The UK shipping forecast has been issued uninterrupted since 1867. After 150 years it still provides a vital role for those at sea, providing gale warnings and sea area forecasts four times a day. But how did it all start?
On the 25th/26th October 1859 the British Isles was shaken by a severe storm in which the steam clipper ‘Royal Charter’ sank off Anglsey. Of the 500 persons onboard only 29 survived. Such a large loss of life led to a call for storms to be predicted to prevent ships from sailing into bad weather. The storm would later become known as The Royal Charter Storm.
Admiral Robert FitzRoy founded the Meteorological Office in 1854 and using data that had been collected over previous years felt that he could give warning of approaching storms. He designed a system of day shapes and lights that would be hoisted in ports around the coast to warn people sailing past and in port of forecast wind strengths and direction.
Cautionary Day Signals
Night Signals, lights in a triangle, or square
Although not originally set up to forecast the weather, the Meteorological Office was set up to understand the weather better in the hope to safeguard life and property at sea. Self-recording anemometers were positioned in Bermuda and Nova Scotia in 1859 and along with logbooks collected from ships the hope was to increase understanding of the weather and to find any patterns.
Information was sent to the MetOffice in London and warnings were issued via Telegraph to the relevant locations, they in turn would hoist the relevant signals.
The MetOffice is credited with being the earliest forecasting system in the world, with the first forecast being given on 6th February 1861, which included storm warnings and what we now know as the shipping forecast. After the death of FitzRoy in 1865, the forecast was stopped, however after a public outcry due to an increased loss of life Parliament was forced to restart the forecast in 1867 and it has been uninterrupted ever since.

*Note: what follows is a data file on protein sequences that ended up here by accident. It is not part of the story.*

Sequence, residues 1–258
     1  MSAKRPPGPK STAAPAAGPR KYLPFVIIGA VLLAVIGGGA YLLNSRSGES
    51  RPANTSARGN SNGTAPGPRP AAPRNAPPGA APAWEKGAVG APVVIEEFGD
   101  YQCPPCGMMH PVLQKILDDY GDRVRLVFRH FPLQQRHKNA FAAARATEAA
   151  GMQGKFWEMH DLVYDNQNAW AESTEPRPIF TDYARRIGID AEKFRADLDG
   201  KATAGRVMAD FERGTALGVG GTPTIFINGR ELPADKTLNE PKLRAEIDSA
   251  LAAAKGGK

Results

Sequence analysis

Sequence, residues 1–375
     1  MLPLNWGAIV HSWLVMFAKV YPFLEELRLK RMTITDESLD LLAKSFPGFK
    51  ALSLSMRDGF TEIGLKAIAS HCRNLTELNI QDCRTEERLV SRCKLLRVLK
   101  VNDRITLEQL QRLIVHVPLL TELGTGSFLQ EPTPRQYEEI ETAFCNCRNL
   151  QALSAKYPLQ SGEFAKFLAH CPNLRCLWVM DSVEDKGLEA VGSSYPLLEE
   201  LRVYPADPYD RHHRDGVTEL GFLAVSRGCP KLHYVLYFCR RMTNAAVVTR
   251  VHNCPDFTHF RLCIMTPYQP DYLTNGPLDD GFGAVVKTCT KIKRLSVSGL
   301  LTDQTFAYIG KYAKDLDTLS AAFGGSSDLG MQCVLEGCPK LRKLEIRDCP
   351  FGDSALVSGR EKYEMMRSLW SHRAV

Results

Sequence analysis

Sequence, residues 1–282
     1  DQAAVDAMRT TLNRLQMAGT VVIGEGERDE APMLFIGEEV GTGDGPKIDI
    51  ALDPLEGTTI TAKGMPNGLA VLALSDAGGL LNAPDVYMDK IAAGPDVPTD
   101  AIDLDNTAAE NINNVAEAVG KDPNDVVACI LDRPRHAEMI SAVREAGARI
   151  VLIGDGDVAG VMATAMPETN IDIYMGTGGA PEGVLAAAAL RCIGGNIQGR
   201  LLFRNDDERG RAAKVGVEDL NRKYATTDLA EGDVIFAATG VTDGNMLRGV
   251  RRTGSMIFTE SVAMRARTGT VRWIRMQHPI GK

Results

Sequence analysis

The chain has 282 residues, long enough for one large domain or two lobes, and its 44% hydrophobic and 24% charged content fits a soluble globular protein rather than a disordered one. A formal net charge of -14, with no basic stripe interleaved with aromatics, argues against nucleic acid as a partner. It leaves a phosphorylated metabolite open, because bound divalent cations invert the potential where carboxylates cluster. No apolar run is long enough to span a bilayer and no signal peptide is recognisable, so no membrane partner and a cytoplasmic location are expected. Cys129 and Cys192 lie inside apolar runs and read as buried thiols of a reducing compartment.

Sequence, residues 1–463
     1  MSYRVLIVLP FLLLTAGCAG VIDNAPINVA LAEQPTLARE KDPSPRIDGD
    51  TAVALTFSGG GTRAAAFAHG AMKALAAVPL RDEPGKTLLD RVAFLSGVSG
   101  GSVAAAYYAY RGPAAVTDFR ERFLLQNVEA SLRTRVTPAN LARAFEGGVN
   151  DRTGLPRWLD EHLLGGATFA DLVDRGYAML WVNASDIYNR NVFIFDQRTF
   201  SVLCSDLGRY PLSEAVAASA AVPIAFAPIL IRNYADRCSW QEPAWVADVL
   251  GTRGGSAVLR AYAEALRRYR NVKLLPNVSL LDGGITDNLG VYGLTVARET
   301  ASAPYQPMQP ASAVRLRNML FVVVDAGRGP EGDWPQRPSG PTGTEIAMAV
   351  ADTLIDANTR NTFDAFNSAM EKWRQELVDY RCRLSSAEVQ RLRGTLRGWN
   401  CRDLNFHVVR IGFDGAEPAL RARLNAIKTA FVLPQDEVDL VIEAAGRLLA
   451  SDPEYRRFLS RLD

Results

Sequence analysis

The Shipping forecast is broadcast on VHF and BBC Radio 4 both on FM and LW four times a day, it is also available online and via NAVTEX and covers 31 sea areas around the UK.
Origin of the Sea Area Forecast Names
Viking, Forties, Dogger, Fisher, Sole and Bailey are named after sandbanks, while Cromarty, Forth, Tyne, Humber, Thames and Shannon are all named after estuaries.
Wight, Lundy, Fair Isle, Faeroes, Portland, Hebrides, South East Iceland and Utsire are named after islands and German Bight is an indentation on the Northern European shoreline. Dover and Plymouth are named after towns, Rockall and Fastnet are both named after islets and Malin is named after Malin Head, the Northern-most point of Ireland.
As well as providing a vital weather forecasting service for thousands of people, the shipping forecast has also become a cultural icon, with may tuning in to listen to the rhythmic and measured pace of the broadcast.
The shipping forecast terminology is taught throughout all RYA practical and theory courses. If you would be interested in learning more please contact us to sign up to one of our theory courses taking place in Central London. [email protected] 020 7002 7676